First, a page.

Can You Take up the Ration Challenge, 16-23 June?
Schoolchildren, parents and teachers are being invited to eat like a refugee during Refugee Week (16-23 June), get sponsored and raise much-needed funds to help children and families threatened by conflict and disaster around the world.
The Ration Challenge is a powerful and thought-provoking fundraising initiative that empowers Australians to stand in solidarity with those who are living as refugees in other countries. Those who register will receive a ration pack in the mail, containing the same rations, in the same quantities, as those distributed to Syrian refugees in camps in Jordan – just a small amount of rice, beans, chickpeas, lentils, fish, oil and flour.
"By eating what a refugee eats, children are stepping into the shoes of another person in another country, and experiencing just one of the many struggles that refugees face on a daily basis," said Karen McGrath, co-founder of Act for Peace, the humanitarian aid agency that initiated the Challenge.
The Ration Challenge was established in 2014 and since then has captured the hearts and minds of more than 40,000 people who have signed up to take part. 92 Australian schools signed up for the schools program when it piloted for the first time last year, and teachers and students raised more than $315,000.
"We received such a great response from schools last year, which showed that young Australians are prepared to do what it takes to help others in their time of need. This year we are hoping even more schools will come on board to continue to show refugees that we stand with them," said Karen.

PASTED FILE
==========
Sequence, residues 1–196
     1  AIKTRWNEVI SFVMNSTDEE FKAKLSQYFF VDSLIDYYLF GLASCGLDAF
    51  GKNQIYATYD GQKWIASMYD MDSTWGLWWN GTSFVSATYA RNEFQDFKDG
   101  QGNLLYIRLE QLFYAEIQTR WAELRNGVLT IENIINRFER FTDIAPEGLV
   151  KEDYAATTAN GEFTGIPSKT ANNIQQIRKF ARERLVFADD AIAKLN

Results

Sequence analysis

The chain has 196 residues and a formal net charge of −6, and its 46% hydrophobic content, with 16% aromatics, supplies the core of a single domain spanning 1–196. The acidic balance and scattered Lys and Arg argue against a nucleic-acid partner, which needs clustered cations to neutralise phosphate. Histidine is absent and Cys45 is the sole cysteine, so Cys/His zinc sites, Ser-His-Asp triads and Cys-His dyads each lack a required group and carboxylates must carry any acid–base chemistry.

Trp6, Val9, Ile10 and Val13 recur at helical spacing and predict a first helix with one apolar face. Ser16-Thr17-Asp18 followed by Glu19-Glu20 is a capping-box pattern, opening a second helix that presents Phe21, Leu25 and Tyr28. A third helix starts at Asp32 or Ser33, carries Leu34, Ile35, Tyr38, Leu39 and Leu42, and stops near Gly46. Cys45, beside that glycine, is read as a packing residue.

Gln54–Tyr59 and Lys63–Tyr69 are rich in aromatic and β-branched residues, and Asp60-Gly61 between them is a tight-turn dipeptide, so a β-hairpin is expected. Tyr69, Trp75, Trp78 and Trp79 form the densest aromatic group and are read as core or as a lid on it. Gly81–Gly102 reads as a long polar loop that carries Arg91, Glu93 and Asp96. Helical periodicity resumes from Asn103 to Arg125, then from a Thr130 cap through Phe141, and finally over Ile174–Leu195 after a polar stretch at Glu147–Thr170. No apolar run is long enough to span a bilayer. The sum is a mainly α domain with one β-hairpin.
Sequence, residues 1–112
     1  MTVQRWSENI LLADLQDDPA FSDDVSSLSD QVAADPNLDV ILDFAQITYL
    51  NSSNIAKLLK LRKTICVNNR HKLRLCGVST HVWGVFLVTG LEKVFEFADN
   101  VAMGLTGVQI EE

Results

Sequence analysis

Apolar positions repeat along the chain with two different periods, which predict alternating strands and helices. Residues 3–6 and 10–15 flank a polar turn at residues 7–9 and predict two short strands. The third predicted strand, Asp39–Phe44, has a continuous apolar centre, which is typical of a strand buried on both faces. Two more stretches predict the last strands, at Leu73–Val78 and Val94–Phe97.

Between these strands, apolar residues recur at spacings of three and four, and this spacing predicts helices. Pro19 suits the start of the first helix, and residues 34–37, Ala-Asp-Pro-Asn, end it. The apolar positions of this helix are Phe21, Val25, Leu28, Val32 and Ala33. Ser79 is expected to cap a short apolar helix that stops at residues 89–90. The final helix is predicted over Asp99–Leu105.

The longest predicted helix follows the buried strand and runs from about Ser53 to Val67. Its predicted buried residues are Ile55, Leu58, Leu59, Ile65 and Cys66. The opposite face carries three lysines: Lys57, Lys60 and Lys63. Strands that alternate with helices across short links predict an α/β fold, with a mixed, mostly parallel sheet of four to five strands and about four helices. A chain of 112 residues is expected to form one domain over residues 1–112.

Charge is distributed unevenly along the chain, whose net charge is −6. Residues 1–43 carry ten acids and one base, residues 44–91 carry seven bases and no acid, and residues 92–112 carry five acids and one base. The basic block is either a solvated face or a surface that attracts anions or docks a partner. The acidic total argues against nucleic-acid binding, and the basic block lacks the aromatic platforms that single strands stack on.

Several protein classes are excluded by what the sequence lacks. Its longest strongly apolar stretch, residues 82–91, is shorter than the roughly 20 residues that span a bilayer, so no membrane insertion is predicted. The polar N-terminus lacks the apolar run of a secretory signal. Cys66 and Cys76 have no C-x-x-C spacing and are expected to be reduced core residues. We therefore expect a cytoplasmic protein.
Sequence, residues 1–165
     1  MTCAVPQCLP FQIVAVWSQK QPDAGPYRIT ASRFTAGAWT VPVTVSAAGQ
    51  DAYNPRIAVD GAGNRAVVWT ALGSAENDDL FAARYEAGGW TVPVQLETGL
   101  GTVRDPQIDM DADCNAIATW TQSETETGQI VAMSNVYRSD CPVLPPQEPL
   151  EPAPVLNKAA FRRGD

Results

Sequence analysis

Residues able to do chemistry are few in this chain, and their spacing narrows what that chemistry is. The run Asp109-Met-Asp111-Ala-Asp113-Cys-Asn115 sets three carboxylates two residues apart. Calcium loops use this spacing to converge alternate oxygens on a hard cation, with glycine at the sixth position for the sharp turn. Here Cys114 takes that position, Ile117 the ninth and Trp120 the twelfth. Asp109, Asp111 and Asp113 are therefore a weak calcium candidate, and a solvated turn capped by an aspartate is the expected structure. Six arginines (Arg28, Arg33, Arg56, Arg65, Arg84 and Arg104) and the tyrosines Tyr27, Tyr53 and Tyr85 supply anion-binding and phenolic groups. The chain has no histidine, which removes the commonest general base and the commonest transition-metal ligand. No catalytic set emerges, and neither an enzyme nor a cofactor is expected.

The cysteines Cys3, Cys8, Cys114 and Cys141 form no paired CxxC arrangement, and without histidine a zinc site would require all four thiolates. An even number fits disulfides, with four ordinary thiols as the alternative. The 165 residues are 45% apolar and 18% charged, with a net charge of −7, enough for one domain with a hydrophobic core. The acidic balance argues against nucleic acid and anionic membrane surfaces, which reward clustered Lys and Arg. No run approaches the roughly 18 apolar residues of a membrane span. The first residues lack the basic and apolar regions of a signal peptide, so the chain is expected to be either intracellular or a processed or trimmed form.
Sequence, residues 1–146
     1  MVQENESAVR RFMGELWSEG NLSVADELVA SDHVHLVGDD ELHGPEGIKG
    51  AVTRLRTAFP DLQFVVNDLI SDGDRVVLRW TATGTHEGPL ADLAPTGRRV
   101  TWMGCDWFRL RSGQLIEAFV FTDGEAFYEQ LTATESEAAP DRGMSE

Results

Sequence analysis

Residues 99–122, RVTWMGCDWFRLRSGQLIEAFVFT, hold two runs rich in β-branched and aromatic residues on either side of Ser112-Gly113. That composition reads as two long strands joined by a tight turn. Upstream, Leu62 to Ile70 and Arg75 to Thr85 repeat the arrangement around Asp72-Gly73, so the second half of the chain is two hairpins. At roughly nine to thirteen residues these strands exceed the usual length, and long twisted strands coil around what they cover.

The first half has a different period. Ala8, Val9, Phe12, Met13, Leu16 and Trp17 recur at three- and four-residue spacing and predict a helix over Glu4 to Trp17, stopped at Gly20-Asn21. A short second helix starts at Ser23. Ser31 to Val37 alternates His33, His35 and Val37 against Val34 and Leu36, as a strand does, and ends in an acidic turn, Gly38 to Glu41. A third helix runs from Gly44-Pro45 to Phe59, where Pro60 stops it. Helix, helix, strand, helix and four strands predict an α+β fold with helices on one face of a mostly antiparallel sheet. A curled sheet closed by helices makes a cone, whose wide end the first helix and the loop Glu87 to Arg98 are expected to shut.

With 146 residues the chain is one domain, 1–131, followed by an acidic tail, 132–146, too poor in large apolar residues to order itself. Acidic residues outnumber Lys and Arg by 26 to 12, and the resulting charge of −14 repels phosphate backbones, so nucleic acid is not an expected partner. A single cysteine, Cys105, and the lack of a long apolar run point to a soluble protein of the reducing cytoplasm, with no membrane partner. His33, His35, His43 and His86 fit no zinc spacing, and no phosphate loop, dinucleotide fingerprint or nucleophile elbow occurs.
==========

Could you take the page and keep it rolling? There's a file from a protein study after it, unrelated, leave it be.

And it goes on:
The money raised from the Ration Challenge will go towards helping refugees to receive the food, medicine and support they need to re-build their lives, and support other conflict and disaster affected families around the world.
"We encourage all teachers, parents and children to get involved," added Karen McGrath.
Fundraising Good for Kids Mental and Emotional Development
Child psychologist, Lisa Ford from the Resilience Co., said that fundraising initiatives such as these are good for kids;
"Sitting in a classroom and learning about life in other countries is an important part of a child's education, but when a child steps out of their comfort zone and has a subjective experience, they move from being a passive learner to an active participant, which fosters deep understanding on a cognitive and emotional level."
Here, Lisa shares five key benefits of children participating in a fundraising initiative:
The Ration Challenge is open to schools, families, organisations and individuals. To register, visit: http://rationchallenge.org.au/schools. The Resilience Co is a child development consulting and education service. For further information, visit: https://www.theresilienceco.com/